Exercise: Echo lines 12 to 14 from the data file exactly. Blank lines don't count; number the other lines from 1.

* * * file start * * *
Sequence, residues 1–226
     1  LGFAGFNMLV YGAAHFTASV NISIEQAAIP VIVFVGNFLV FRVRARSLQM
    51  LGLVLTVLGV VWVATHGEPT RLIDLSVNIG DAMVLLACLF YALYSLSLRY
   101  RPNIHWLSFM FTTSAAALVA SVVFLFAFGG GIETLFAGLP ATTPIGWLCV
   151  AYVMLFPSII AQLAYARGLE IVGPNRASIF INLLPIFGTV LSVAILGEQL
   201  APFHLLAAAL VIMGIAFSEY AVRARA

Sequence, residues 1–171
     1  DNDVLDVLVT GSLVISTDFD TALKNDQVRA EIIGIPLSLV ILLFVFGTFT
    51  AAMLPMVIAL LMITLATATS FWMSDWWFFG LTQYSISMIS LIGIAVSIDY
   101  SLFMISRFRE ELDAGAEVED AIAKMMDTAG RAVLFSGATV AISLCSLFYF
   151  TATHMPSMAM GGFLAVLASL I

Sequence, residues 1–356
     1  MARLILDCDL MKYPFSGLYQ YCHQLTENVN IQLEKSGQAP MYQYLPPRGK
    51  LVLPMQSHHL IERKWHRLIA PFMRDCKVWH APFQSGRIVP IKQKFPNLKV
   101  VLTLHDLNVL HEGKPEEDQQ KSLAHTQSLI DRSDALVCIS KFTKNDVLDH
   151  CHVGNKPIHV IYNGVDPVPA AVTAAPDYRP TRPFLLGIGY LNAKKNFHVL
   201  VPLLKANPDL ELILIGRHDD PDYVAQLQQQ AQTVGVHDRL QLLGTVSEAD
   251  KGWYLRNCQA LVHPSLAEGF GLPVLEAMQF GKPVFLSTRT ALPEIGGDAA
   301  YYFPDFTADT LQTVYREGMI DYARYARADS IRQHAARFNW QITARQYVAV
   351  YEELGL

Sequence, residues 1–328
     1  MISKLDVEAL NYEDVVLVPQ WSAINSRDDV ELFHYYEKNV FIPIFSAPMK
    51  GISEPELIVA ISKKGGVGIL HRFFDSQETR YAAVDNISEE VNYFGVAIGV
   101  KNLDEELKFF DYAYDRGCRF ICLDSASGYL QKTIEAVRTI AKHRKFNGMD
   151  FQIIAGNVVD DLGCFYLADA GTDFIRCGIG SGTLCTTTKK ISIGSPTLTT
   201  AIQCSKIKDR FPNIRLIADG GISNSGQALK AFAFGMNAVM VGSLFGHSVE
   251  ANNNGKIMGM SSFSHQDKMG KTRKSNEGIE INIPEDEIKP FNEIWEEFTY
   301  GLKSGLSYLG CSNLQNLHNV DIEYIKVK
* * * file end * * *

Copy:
Sequence, residues 1–356
     1  MARLILDCDL MKYPFSGLYQ YCHQLTENVN IQLEKSGQAP MYQYLPPRGK
    51  LVLPMQSHHL IERKWHRLIA PFMRDCKVWH APFQSGRIVP IKQKFPNLKV